5 - Amanda Cohen and Adam Danforth - Meat and Veggie Showdown

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  1. Food tours and cooking classes

    It is quite amazing how popular food tours and cooking classes are in Italy. When in Rome, many people seem to want to eat, and cook, like a Roman. Well, not entirely, and not like some Romans. I spoke to Francesca Flore, who offers both tours and cooking classes, and she reserved some choice words for those quintessential Roman dishes based on the famous quinto quarto, the fifth quarter of the carcass. Or, less obtusely, offal.

    Francesca told me that she’s always been interested in food, and that while working in London she decided to take herself off to Australia to study Cooking and Patisserie at the Cordon Bleu School in Sydney. Back in Rome, she put all that knowledge to use catering private parties and branching out into food tours and cooking classes.

    We talked about what people want, what they get, and how she views the past and future of Italian food.

    http://www.eatthispodcast.com/food-tours-and-cooking-classes/

    —Huffduffed by adactio

  2. Is This Food Racist?

    How do our assumptions about people affect our assumptions about their food? And how do their assumptions about our food affect how we feel about ourselves? What happens when chefs cook a cuisine they weren’t born into? And what happens when there’s a backlash? Our friend Dan Pashman, host of WNYC Studio’s The Sporkful, has launched a special series of episodes called "Other People’s Food," which aims to explore exactly these questions. Dan talks with Brooke about the project so far. 

    —Huffduffed by adactio

  3. S2E24: Every Part of the Pig with Camas Davis

    Colin Marshall sits down in Portland’s Pearl District with Camas Davis, food writer and founder of the Portland Meat Collective. They discuss why bacon has hit the zeitgeist so hard; her interest in fostering an "alternative economy of meat"; her former career writing travel pieces, which invariably and instinctively became food pieces; her education in the "meta-meta theoretical" exploration of food; how meat became cool again, after industrialization made it uncool (and not particularly tasty); her agreement with even the hardest-core animal-rights vegan about the horrors of industrial meat production; growing up in Eugene, where if you weren’t vegetarian, you weren’t cool; her return from vegetarianism to the meat-eating fold with a bacon meal while teaching in a women’s prison; how American got itself into an entitlement mentality about cheap meat thrice a day; the importance of killing animals we eat ourselves, and how she finds some people are better at it than others; her time studying in southwestern France, what exactly separates French eating culture from American, and how the French are just getting into some of what has made American food unpalatable in recent decades; all the surprising things you can do with a pig’s head; Portland’s food consciousness and food renaissance, and how they might serve as a bellwether for a countrywide shift in attitudes about eating; Portland’s suspicion of eateries that get "too big for their britches," which results in a certain elevated-comfort-food trademark cuisine; her butchery classes, in which she’s found far fewer obnoxious hipster foodies enrolling than she’d expected; our rightful fear of most meat, and the meat we need not be scared of; and whether America has many small food movements, or one big food movement.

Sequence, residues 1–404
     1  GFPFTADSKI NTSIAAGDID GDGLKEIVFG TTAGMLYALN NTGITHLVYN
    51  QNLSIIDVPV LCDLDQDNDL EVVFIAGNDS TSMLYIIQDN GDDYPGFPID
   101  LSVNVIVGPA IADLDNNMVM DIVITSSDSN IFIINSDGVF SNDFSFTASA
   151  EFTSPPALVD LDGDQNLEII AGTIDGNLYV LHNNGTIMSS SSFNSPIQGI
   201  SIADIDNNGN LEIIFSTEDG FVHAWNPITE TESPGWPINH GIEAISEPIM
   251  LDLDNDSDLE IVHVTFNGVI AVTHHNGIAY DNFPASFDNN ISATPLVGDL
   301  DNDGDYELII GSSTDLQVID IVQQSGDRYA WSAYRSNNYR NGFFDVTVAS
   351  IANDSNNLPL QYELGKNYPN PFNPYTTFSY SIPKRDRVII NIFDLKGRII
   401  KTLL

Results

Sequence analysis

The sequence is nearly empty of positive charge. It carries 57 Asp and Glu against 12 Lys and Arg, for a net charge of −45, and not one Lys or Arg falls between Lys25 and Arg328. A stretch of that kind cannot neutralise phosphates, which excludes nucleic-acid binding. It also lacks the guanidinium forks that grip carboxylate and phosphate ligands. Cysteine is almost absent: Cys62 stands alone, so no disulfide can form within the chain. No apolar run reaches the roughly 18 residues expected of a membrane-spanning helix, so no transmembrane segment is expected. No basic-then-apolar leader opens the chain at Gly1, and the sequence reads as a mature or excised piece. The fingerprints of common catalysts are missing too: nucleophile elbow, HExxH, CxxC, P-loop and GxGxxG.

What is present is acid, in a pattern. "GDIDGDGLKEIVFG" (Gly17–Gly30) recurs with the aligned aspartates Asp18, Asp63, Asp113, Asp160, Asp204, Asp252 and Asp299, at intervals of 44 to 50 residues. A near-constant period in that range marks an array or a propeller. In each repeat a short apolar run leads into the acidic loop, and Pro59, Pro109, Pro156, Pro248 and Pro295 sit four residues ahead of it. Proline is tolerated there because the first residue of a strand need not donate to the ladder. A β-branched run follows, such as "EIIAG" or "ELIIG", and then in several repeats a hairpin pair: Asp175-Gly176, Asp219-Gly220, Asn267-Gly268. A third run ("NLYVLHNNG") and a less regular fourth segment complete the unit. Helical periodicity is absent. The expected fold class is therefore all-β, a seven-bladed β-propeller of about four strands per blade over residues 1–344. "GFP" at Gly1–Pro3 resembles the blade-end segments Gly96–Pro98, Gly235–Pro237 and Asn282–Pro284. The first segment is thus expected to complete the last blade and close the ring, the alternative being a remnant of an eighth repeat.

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    Tagged with portland

    —Huffduffed by joanofdark

  4. Back to Work #76: The Avatar of Dorian Gray

    TOPICS: Better Meat & Working Backwards

    This week, Dan and Merlin talk about the many strategic and tactical benefits of reverse-engineering your next project.

    There is also extensive discussion of choosing, preparing, and cooking meat.

    It’s not food until is sounds like food and it smells like food.

    http://5by5.tv/b2w/76

    —Huffduffed by markpasc

  5. For London Chef, ‘Plenty’ To Love About Vegetables : NPR

    Israeli-born chef Yotam Ottolenghi’s new cookbook, Plenty, draws from his column for London’s Guardian newspaper, "The New Vegetarian." The chef himself isn’t a vegetarian, but the recipes,which showcase his Middle Eastern and Mediterranean background, include no meat.

    http://www.npr.org/2011/06/26/137402727/for-london-chef-plenty-to-love-about-vegetables

    —Huffduffed by adactio

  6. Clean Your Grill, And Other Hot Holiday Tips From Food Network’s Alton Brown : The Salt : NPR

    If there’s one grilling tip to remember this Memorial Day weekend, it should be this: Flame is bad. Whether you’re barbecuing OR grilling, a meat-eater or a vegetarian, here’s how to keep your flavor from going up in smoke.

    http://www.npr.org/blogs/thesalt/2012/05/26/153718482/clean-your-grill-and-other-hot-holiday-tips-from-food-networks-alton-brown

    —Huffduffed by adactio

  7. Esquire Magazine Food Critic John Mariani —€” How ‘Italian Food’ Became A Global Sensation : NPR

    Twenty years ago, Italian food was regarded as cheap, peasant food. Now it’s served on menus worldwide and considered to be one of the healthiest cuisines. Esquire Magazine’s food critic John Mariani chronicles the story of pizza, macaroni and red sauce in How Italian Food Conquered the World.

    http://www.npr.org/2011/03/24/134628158/how-italian-food-became-a-global-sensation

    —Huffduffed by adactio